Debuting in 126 countries around the world, in 33 languages, on exactly the same day, Wayward Pines is one of the biggest television launches in history. If only the show deserved such a lofty pedestal. Based on Blake Crouch’s book and adapted by Chad Hodge, the “event series” marks the television debut of mystery man M Night Shyamalan. While searching for two missing Secret Service agents, fellow suit Ethan Burke ( Matt Dillon) is involved in a car crash and wakes up in the peculiar mountain town of Wayward Pines where everything is a little… off. The hospital has no patients, hidden speakers pump out the sound of crickets and the town’s inhabitants are almost all aggressive and unhelpful. What’s worse, telephone calls go nowhere and all roads out lead straight back to Strangeville. Burke is trapped, but the big question is: why?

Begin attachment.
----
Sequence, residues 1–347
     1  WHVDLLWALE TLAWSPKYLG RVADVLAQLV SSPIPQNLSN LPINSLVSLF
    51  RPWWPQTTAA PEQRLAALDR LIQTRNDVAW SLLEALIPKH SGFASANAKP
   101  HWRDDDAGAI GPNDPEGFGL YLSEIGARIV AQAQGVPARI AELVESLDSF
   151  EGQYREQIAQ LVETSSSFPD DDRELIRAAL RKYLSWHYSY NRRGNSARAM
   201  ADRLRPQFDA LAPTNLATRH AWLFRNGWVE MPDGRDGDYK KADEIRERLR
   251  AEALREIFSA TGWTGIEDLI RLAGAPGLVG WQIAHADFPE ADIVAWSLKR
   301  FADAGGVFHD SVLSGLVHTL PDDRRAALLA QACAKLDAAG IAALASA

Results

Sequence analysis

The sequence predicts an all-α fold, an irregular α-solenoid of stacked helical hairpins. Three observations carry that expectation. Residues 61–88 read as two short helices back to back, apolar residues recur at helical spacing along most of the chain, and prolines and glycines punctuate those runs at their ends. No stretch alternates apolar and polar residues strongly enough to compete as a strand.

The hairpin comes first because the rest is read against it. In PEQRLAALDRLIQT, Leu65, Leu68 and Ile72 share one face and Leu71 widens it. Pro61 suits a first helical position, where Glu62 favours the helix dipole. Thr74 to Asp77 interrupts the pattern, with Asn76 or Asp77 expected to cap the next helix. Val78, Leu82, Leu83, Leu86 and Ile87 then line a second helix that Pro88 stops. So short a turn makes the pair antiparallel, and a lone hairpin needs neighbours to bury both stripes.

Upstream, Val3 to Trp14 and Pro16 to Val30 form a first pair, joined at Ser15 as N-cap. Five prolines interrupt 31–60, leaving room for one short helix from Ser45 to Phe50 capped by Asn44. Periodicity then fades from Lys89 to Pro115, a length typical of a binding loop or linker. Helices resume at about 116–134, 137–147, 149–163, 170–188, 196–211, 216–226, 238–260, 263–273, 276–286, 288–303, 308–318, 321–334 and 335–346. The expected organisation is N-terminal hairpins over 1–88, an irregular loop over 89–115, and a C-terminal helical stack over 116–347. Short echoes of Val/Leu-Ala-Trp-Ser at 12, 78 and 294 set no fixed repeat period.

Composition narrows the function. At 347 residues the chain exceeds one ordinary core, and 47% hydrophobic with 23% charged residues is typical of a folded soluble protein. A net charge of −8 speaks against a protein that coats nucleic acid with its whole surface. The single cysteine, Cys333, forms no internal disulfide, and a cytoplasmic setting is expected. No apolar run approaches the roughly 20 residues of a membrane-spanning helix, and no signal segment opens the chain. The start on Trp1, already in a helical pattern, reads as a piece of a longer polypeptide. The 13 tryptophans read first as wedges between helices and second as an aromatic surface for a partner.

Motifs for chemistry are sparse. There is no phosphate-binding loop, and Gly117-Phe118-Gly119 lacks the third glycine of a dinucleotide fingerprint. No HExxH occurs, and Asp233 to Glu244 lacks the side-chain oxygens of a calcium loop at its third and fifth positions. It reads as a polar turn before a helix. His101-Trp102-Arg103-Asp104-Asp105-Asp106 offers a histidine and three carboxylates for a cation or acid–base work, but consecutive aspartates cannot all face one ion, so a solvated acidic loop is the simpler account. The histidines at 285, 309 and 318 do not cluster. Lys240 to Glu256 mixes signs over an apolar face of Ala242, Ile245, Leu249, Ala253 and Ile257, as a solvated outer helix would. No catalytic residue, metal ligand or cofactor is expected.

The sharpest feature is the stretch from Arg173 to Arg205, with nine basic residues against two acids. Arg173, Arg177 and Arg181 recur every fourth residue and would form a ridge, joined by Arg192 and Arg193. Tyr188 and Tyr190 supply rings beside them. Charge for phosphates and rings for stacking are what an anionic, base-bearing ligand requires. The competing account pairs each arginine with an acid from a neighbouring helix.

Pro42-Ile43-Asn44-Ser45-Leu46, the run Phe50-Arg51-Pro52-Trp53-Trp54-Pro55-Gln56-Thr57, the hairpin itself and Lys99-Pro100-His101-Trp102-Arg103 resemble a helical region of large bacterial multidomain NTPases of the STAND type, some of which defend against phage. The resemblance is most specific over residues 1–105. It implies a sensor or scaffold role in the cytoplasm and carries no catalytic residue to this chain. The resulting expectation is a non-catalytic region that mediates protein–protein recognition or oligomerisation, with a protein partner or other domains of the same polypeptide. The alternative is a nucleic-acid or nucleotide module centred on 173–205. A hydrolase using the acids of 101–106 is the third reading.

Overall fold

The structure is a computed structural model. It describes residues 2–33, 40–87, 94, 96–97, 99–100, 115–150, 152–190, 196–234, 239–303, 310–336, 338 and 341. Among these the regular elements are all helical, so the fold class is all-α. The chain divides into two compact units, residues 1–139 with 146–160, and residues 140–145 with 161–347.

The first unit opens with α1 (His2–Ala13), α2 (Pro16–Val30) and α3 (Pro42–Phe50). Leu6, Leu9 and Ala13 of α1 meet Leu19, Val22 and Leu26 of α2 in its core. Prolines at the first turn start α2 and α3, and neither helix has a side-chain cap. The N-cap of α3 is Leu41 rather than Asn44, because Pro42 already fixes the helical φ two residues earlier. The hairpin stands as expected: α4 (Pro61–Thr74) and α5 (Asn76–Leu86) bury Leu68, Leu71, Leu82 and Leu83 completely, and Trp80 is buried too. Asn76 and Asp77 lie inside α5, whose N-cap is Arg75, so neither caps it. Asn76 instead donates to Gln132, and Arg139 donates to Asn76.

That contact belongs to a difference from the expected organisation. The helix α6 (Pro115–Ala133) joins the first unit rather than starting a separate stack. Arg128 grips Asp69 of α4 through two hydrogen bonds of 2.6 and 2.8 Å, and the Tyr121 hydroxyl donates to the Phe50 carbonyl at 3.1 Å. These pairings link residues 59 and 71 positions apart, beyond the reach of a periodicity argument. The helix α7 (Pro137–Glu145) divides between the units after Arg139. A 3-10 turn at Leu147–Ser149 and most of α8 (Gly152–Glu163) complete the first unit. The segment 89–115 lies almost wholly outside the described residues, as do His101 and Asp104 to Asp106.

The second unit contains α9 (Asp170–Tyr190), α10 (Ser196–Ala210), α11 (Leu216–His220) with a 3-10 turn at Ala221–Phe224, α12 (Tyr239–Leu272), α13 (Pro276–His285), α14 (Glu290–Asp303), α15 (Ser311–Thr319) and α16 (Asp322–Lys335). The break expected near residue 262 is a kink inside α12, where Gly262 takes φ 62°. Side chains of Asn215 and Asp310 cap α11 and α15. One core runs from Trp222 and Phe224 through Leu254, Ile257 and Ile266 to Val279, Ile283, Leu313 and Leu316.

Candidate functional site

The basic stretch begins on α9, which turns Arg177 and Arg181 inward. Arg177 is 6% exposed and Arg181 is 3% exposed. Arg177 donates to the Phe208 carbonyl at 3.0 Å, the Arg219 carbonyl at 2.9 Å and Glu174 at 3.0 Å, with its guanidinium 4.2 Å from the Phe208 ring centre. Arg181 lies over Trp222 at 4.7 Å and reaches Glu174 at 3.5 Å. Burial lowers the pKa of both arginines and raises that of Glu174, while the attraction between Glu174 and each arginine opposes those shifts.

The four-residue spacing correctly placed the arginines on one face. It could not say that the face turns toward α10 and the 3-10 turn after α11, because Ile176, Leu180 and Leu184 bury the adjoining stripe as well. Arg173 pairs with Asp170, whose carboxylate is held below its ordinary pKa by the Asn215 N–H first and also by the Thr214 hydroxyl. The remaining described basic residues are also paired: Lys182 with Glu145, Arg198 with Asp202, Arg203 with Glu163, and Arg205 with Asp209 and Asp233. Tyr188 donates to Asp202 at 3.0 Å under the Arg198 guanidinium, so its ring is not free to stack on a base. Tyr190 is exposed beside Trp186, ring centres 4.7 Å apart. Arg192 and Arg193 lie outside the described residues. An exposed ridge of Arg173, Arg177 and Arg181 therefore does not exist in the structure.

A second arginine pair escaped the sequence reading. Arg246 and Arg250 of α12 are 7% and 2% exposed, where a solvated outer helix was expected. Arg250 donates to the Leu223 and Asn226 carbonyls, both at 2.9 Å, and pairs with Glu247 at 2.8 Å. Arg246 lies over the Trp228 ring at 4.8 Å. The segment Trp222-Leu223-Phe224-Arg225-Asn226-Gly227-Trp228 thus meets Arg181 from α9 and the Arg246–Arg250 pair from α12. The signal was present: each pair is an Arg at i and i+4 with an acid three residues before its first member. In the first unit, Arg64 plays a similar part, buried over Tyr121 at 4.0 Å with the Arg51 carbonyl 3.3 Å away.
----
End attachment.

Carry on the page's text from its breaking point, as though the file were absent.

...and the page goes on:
To its credit, the first episode rattles along, unleashing what feels like a full season’s worth of plot in 45 minutes. And if you’ve read Pines you’ll know the show’s not likely to disappoint as the 10- episode season goes on either. It’s got a darkly comedic tone that blends laughs and moments of surprising violence well and crucially Matt Dillon is superb as the surly agent stuck in a nightmare town, even if the rest of the cast are often a little too quirky for their own good.
The problem is it does nothing mystery- driven American dramas haven’t been doing for 10 years. Take the opening shot – an extreme close- up of an open eye belonging to a battered, bruised and besuited man lying on the floor, surrounded by tall trees in the middle of the day. Yep, it’s all but identical to Lost’s opening moments, and it’s hard to tell whether it’s homage or second rate knock- off. There are even flashbacks and hints at pseudo- supernatural weirdness going on.
Twin Peaks, The X- Files, The Prisoner and more recent fair such as Persons Unknown and Ascension have all done a very similar thing ( in most cases better) but the real test will come in how it handles the tale’s later twists and turns. For now it’s hard to see the wood for the trees. Jordan Farley
Matt Dillon discovers that they don’t sell Newcastle Brown either.